At the age of 38 years, a follow-up computed tomography scan revealed progression of the recurrent HCC with complete occlusion of the portal vein (Fig. 6). Her general condition deteriorated rapidly, so she was enrolled on the waiting list for deceased donor liver transplantation (LT). The patient had no potential living donors because most of her family members were hepatitis B surface antigen (HBsAg)-positive. After 1 month’s waiting, a marginal liver graft of an HBsAg-positive deceased donor was allocated.

Figure 6. Computed tomography taken after internal biliary drainage. (A) Recurrent mass occurred around the left hepatic duct. (B) The left portal vein is completely occluded (arrow).

During recipient hepatectomy, the abdomen was heavily adhered because of the previous four hepatectomies and one bowel surgery. The suprahepatic inferior vena cava (IVC) was heavily adhered to the diaphragm, so extensive dissection for clamping of the IVC at the diaphragm level was not possible. Inevitably, graft outflow vein reconstruction using a double IVC reconstruction technique was performed after dissection of the retrohepatic IVC. Other reconstruction procedures were similar to the standard procedures of whole liver graft implantation.

The explant liver showed a 1-cm-sized recurrent HCC at the soft tissue of the hepatic hilum with perineural invasion. Another HCC was also located in the bile duct. Metastatic HCC was identified at 2 of the 2 lymph nodes. No tumor cells were found at the portal vein thrombus (Fig. 7).

Figure 7. Gross photograph of the explant liver showing overt liver cirrhosis and cholestasis.

Early follow-up computed tomography showed extrinsic compression-associated stenosis of the IVC reconstruction, so IVC wall stenting was performed to resolve the graft outflow vein obstruction (Fig. 8).

Figure 8. Sequences of treatment for graft outflow vein stenosis. (A, B) Early posttransplant computed tomography shows focal stenosis (arrow) at the suprahepatic inferior vena cava area, which was dilated by a wall stent. (C, D) A wall stent is inserted to relieve the stenosis (arrow) at the inferior vena cava.

After LT, the patient was continuously HBsAg-positive despite active HBV treatment with high-dose hepatitis B immunoglobulin and lamivudine. At 6 months after LT, solitary pulmonary metastasis was found at the right lower lung, which was resected. Soon after the pulmonary metastasectomy, multiple lung metastasis occurred. At 3 months after the first pulmonary metastasectomy, five metastatic masses were also resected at the right and left lungs (Fig. 9). At 3 months after the second pulmonary metastasectomy, multiple lung metastasis occurred again, so external beam radiation therapy was performed. After 3 months, multiple HCC recurrence occurred in the abdomen, showing progression of intraductal bile duct metastasis, metastatic lymphadenopathy in the gastrohepatic ligament and perihepatic space, and pleural metastasis with left pleural effusion. The patient passed away 20 months after LT because of HCC progression. The patient had suffered from HCC for 15 years, in which she underwent hepatectomy four times, TACE 10 times, deceased donor LT, pulmonary metastasectomy twice, and radiotherapy three times.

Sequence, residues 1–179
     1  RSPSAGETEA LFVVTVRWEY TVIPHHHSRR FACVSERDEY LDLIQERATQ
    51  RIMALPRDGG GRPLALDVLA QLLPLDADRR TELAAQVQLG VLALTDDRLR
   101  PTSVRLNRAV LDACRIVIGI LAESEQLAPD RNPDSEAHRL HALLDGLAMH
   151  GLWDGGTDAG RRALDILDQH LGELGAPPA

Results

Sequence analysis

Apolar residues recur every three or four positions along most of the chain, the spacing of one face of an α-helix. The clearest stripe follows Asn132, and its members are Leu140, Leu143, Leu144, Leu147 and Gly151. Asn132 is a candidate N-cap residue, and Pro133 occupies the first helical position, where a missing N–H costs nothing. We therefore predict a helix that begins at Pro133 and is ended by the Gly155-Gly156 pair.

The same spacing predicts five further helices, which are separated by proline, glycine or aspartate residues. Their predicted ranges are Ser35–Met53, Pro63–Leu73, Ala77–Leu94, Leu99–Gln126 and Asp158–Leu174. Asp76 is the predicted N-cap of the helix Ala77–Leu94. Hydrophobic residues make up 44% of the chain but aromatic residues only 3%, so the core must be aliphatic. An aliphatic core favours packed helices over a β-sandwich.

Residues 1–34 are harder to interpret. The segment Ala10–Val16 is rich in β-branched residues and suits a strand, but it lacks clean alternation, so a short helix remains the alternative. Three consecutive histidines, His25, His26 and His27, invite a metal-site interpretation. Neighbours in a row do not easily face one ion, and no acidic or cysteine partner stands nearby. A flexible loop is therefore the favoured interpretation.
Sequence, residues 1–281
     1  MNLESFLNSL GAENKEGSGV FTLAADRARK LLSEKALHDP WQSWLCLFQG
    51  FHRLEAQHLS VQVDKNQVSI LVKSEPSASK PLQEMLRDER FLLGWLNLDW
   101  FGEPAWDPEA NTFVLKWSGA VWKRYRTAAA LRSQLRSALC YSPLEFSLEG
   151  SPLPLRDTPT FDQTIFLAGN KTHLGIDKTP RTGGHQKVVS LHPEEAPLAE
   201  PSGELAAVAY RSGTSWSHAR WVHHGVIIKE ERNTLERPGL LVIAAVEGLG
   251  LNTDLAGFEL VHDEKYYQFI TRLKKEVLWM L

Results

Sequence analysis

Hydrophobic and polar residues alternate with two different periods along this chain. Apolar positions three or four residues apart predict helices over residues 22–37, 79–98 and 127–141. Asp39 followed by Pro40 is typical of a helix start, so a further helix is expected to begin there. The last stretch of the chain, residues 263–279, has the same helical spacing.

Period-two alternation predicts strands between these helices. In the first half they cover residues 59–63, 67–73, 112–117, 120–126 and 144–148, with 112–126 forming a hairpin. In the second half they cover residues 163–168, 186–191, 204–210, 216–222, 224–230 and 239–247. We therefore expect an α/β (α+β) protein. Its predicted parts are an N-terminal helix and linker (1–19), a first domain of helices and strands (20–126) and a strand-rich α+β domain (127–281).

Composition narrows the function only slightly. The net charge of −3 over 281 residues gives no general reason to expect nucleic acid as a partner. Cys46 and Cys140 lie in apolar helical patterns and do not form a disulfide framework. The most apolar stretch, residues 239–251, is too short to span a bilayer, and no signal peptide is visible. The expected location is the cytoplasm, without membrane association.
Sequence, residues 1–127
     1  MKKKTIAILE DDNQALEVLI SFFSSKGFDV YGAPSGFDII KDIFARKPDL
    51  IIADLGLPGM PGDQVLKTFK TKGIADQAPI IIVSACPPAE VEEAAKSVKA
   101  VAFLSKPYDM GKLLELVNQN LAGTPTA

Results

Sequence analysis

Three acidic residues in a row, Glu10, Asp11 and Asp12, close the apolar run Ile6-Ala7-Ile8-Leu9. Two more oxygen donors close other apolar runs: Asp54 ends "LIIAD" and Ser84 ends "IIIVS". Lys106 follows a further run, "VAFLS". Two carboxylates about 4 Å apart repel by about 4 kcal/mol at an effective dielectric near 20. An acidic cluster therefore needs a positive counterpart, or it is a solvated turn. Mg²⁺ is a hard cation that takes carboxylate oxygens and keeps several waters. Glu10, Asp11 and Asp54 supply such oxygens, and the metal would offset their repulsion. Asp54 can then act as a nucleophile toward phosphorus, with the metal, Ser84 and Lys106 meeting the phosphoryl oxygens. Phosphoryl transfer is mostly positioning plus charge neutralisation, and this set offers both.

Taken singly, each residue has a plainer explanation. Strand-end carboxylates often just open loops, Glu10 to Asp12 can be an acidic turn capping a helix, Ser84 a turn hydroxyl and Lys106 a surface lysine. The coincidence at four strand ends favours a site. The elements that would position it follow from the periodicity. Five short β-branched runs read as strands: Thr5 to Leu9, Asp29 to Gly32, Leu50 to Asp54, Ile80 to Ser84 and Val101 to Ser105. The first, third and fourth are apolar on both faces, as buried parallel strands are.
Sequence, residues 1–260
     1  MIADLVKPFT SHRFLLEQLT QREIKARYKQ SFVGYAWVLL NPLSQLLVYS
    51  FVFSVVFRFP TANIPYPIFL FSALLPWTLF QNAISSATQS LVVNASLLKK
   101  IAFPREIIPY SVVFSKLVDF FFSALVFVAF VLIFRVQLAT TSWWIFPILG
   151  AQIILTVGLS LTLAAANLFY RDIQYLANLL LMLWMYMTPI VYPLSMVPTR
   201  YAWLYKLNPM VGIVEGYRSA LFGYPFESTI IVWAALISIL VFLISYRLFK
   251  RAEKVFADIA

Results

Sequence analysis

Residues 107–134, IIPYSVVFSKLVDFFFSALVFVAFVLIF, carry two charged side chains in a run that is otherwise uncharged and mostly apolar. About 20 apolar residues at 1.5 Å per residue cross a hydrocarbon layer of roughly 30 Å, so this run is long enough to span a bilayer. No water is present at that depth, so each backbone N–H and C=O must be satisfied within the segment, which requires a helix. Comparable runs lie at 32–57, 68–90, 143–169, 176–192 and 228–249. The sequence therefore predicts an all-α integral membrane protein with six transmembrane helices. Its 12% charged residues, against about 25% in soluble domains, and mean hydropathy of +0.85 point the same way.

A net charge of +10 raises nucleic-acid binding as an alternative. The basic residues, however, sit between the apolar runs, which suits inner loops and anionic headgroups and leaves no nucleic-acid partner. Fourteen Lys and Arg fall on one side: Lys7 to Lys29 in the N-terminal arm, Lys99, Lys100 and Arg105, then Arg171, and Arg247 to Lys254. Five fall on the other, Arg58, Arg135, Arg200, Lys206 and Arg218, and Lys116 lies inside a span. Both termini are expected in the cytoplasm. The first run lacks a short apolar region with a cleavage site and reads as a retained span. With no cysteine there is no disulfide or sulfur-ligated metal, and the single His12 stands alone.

Figure 9. Sequences of treatment for lung metastasis. (A) Multiple lung metastases are identified. (B) A resected lung specimen is visible after the second pulmonary metastasectomy. (C) Fluorodeoxyglucose positron emission tomography shows multiple lung metastases. (D) External beam radiotherapy is planned with simulation.

DISCUSSION

HCC is the most frequent primary tumor in the liver and the fifth most common cancer worldwide [2]. The incidence of HCC is especially high in some parts of Asia and Africa, but has also increased over the past decade in the United States and northern Europe [8,9]. This epidemiologic change has probably resulted from increased immigration, especially from Asia [2]. Although the worldwide incidence of HCC in women is 5.5 of 10,000 [2], HCC during pregnancy is so rare that less than 50 cases have been reported worldwide [1].